Juvenile idiopathic arthritis (JIA) is terminology used to describe a child with chronic pain and arthritis. There are several types of JIA, including systemic onset JIA, oligoarticular JIA, polyarticular JIA, and enthesitis-related arthritis.
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Explore This IssueMay 2012
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Living a Normal Life with JIA
While juvenile arthritis can cause joint damage and limit function, rheumatologists strongly encourage children with JIA to live normal lives.
According to pediatric rheumatologist Leslie S. Abramson, MD, associate professor of pediatrics at the University of Vermont College of Medicine in Burlington and author of the ACR’s patient fact sheet on JIA (see an excerpt here), “Children with JIA should attend school, participate in extracurricular and family activities, and live life as normally as possible.” She adds, “To foster a healthy transition to adulthood, adolescents with JIA should be allowed to enjoy independent activities, such as taking a part-time job and learning to drive.”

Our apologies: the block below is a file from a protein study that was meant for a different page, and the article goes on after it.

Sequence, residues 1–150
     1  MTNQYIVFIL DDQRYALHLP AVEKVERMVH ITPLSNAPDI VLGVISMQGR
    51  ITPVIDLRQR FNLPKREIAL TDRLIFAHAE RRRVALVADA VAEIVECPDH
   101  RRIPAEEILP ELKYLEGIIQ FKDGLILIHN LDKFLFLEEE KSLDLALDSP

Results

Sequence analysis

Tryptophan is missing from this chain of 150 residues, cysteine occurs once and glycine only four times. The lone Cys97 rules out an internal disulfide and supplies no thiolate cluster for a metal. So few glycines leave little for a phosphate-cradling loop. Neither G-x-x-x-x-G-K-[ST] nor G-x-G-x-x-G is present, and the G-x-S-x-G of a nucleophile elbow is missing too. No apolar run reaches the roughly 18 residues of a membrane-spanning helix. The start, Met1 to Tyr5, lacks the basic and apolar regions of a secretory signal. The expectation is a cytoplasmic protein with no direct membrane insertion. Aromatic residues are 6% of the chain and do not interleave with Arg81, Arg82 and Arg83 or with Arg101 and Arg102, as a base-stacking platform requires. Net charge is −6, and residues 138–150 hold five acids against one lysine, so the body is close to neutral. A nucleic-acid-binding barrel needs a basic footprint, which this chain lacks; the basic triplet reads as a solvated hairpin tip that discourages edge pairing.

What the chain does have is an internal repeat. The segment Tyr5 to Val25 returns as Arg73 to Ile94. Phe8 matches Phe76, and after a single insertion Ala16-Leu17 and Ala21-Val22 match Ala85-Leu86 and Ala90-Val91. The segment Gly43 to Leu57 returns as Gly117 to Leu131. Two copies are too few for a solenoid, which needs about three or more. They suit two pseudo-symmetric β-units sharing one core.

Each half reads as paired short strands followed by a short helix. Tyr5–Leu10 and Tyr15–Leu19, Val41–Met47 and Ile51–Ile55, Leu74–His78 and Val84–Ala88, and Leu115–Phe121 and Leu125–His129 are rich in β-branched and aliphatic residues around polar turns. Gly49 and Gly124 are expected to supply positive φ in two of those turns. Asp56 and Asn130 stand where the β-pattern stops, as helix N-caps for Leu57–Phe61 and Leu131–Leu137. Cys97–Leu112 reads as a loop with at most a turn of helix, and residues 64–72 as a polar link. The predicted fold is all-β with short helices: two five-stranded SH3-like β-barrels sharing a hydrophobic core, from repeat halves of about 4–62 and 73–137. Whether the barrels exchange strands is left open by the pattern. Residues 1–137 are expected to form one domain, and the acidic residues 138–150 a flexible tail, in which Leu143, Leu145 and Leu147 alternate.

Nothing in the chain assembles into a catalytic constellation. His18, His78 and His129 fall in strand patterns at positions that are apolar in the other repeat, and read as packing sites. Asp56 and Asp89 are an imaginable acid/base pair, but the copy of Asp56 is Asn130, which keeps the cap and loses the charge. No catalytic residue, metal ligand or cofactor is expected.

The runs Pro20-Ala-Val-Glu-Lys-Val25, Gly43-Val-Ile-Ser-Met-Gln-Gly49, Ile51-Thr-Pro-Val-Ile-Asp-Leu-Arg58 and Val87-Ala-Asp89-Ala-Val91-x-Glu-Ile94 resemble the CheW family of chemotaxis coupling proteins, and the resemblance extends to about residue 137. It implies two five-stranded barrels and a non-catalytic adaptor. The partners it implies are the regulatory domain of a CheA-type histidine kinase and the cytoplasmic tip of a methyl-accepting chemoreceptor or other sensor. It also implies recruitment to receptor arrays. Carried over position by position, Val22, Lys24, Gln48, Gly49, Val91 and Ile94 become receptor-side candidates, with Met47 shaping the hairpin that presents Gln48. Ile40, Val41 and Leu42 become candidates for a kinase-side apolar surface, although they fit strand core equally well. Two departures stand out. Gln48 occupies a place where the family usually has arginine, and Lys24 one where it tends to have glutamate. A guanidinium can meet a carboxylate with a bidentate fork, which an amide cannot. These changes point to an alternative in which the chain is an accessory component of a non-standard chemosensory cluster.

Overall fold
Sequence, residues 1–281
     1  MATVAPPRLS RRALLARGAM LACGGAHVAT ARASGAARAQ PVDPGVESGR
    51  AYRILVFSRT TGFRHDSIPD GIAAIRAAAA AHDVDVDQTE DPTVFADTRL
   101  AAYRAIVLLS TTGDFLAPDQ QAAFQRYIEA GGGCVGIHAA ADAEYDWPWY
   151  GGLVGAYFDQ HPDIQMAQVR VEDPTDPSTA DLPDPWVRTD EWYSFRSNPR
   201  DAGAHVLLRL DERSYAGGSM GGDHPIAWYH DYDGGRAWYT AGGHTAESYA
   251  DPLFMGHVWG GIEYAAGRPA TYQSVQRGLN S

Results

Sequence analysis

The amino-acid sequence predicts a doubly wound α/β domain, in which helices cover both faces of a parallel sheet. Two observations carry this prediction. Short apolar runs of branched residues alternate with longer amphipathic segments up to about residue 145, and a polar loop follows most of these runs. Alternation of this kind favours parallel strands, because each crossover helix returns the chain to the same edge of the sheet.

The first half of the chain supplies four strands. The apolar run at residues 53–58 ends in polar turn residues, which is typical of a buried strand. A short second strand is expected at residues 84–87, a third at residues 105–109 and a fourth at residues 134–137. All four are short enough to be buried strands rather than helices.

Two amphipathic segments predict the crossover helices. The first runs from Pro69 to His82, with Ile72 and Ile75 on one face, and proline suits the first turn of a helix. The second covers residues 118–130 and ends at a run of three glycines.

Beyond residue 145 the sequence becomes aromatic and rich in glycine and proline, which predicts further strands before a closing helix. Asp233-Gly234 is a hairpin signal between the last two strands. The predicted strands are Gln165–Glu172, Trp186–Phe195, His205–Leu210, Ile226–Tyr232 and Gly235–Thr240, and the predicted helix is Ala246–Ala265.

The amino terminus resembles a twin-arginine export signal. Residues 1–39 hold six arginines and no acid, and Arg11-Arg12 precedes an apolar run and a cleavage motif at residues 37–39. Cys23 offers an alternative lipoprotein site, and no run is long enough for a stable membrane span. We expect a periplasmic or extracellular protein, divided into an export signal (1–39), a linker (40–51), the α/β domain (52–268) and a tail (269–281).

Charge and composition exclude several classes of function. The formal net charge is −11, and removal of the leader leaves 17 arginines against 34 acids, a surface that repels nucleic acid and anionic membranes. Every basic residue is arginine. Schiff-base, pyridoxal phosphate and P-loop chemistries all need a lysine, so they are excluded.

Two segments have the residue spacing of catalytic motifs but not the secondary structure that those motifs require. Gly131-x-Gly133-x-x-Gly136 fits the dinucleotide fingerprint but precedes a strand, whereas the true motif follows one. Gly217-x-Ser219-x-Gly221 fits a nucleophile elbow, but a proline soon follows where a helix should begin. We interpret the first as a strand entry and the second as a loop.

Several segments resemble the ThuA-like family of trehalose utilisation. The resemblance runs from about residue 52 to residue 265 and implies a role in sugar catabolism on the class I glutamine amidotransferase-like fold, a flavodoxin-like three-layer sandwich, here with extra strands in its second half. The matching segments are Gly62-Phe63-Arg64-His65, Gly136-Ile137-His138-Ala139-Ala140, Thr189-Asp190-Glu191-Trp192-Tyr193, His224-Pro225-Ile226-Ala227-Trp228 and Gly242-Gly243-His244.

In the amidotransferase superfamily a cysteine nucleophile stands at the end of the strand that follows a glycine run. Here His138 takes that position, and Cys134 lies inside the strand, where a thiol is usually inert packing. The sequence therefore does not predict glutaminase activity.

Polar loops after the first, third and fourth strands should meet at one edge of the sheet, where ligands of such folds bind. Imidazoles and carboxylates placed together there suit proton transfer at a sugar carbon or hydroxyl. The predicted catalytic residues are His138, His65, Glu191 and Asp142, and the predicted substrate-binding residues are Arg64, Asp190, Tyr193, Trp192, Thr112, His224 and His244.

Keys to Confidence
A team approach to healthcare, interaction with other children, and access to disease information can ensure that children with JIA grow up to be confident.
Tailored treatment from a healthcare team (including a pediatric rheumatologist, physical and occupational therapists, a social worker, and a nurse specialist) is encouraged to ensure the best care. Also suggested is interaction with other children who have JIA. In addition to patient education supplied by the ACR, the Arthritis Foundation, the National Institute of Arthritis and Musculoskeletal and Skin Diseases, and the American Juvenile Arthritis Organization offer resources to learn about JIA.
Help your patients grow up to be confident, even thought they have arthritis, by providing information about juvenile arthritis and other rheumatic diseases, medications, and topics. ACR Patient Fact Sheets can be downloaded by visiting www.rheumatology.org and clicking on “Patient Resources” under “Popular Content.”